Monday, January 25, 2010

dividing up the worlds gradients

People love to divide things up into categories. Why? Because continuous gradients are hard, if-not impossible to think about at times.


The world seems to divide itself up into discrete categories of 'things', yet these things share characteristics, making them more like gradients of one variation to another variation. One of the fundamental tasks of Ecologists and Natural Historians is to understand and characterize how the world seems to be both categorical and yet continuous at the same time. This is what Darwin thought about, it is what drove Linnaeus to developed a classification scheme for the worlds plants, and believe it or not, this is what is at the root of most debates on racism (we are different, but we are similar).

Take for example two fisherpeople, a bait fisher and a fly fisher. We can separate the two based on the type of lure they use, but does that truly make the two different on the whole? After all they are both fishing. On the one hand, they share a number of attributes, they typically have rods and reels. But on the other hand, the type of rod and reel that they use are different. So on the one hand, we could devise a scheme that would describe these two fisherpeople as a continuous gradient of characteristics (some shared, others varying) but on the other hand, we can call them two different classes (bait and fly). If I filled the room with my friends, we could debate the differences and similarities of bait and fly people all night. But we would just end up ripping on bait fisherman (which is ironic because we all bait fish at times). But that's not the point. The point is that the complexity of the world shows up everywhere as a juxtaposition of what appears as different classes of things, classes that are separated from each other by gradual differences. Recall that Darwin's theory was based on the premise that species share traits and that some traits vary almost continuously among species because we all share a common ancestor. Given enough time, species morph into what appears as different and classifiable but what is really similar and gradual when look more closely.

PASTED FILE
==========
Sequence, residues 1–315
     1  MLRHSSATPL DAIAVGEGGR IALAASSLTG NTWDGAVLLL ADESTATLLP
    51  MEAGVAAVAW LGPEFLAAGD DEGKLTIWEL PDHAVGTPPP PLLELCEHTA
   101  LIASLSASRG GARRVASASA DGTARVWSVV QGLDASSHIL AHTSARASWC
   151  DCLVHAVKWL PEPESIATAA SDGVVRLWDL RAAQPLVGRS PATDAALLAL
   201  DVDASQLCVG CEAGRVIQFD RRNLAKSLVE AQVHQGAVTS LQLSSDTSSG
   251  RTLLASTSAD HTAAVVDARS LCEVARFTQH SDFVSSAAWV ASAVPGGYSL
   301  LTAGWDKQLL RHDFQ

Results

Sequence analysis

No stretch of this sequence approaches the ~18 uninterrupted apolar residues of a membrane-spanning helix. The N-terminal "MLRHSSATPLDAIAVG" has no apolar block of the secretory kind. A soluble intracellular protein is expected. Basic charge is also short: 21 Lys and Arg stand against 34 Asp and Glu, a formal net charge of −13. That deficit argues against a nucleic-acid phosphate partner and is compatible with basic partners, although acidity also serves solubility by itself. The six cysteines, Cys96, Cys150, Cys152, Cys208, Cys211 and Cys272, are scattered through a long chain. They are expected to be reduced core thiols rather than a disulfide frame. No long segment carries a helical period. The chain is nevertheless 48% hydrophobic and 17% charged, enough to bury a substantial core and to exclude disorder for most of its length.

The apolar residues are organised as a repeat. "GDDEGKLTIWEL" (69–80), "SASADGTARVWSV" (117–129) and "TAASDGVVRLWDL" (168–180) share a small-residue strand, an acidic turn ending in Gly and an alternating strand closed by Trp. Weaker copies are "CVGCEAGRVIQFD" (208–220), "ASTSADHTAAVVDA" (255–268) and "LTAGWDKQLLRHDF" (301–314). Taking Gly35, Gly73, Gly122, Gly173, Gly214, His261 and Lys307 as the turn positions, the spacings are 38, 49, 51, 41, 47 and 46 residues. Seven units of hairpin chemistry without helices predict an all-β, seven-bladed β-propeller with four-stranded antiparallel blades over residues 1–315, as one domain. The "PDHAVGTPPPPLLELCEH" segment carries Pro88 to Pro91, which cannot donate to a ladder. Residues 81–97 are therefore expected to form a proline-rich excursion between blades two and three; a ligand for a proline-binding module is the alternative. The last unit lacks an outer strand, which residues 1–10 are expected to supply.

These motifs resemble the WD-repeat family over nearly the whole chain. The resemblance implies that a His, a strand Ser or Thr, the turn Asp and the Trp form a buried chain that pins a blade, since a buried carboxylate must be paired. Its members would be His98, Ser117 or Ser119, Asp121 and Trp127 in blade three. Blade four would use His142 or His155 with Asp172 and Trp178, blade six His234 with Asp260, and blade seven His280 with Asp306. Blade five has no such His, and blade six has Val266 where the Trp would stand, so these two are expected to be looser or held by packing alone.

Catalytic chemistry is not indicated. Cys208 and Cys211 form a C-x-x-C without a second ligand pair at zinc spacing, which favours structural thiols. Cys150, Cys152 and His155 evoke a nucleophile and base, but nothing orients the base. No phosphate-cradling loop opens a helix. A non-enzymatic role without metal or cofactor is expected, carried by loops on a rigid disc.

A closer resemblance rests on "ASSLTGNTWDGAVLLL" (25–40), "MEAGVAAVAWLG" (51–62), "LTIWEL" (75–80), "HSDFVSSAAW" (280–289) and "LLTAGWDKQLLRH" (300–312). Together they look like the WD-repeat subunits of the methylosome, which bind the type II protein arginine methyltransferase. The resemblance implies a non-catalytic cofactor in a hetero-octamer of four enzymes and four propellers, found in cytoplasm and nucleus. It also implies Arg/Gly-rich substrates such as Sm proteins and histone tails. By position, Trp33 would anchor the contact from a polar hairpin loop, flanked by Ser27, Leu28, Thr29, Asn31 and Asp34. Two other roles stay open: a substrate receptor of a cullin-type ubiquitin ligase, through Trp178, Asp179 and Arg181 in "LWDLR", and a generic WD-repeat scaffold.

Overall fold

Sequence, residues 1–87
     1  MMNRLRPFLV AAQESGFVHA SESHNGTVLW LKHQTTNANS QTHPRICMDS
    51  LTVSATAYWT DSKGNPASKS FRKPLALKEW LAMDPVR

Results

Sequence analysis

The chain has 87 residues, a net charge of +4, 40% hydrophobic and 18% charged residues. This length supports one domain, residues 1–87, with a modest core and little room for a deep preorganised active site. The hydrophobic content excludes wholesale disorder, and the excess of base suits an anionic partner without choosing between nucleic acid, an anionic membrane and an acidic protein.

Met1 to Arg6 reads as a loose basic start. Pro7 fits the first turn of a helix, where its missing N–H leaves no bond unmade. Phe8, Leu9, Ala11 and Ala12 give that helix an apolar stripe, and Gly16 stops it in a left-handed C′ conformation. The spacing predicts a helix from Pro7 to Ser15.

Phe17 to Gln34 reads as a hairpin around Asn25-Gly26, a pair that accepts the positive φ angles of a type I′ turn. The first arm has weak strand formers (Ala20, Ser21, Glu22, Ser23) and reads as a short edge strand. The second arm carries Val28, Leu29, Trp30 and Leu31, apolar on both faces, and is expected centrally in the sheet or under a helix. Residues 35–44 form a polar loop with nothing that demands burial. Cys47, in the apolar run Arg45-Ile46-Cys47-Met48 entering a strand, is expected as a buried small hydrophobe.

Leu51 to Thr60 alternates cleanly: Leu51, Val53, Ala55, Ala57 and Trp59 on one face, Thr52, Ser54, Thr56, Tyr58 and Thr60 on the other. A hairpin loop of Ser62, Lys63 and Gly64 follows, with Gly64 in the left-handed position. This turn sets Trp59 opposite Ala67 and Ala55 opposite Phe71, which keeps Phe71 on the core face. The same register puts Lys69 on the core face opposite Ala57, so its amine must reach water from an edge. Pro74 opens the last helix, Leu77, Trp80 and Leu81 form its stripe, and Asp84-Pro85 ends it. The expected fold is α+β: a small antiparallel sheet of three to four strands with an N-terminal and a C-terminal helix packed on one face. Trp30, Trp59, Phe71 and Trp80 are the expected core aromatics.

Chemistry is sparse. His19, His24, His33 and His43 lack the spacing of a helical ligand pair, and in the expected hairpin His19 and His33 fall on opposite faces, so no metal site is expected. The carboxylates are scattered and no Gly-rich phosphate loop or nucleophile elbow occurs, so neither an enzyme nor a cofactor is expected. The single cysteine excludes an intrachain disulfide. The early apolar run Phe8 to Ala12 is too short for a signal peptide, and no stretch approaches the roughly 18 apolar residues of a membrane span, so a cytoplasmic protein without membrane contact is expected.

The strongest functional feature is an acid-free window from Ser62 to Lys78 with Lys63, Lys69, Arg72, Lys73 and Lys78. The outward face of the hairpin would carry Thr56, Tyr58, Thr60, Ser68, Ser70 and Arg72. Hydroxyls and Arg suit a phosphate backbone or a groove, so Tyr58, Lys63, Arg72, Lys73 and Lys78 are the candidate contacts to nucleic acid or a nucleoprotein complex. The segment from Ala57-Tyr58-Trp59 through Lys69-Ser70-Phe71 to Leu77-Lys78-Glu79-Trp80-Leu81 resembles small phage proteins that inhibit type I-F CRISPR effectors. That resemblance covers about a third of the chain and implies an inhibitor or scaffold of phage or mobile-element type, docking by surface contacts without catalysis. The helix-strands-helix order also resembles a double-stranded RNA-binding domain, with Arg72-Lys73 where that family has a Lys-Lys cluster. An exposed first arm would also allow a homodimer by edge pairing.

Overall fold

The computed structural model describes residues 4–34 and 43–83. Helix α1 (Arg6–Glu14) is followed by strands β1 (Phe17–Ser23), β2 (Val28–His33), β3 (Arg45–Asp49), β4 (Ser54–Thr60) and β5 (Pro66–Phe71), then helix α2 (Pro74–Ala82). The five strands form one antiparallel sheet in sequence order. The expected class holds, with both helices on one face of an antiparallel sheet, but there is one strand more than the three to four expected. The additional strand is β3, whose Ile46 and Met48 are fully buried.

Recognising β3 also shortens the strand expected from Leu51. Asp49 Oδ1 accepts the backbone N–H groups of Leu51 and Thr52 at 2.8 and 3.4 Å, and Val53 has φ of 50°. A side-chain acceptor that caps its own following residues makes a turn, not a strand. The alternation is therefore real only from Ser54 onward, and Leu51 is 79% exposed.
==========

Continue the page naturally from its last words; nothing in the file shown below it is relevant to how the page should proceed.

Thinking about this hurts the brain, which makes the people who think about this stuff reach for a bottle of whisky. After a couple of drinks, they end up thinking about it all over again, but from a slightly different perspective.

This was exactly what happened when a few folks got together at a conference in Scotland devoted to classification. After a few glasses of single malt scotch, they got to thinking about a classification scheme for scotch. What resulted was a great paper describing both the methods used in classification and descriptions of different scotches as well. Remember, there are definitely different types of scotch, but what makes one different from another is not so simple to describe. For everything you have ever wanted to know about Scotch, and for more than you would ever want to know about classification methods, check this out: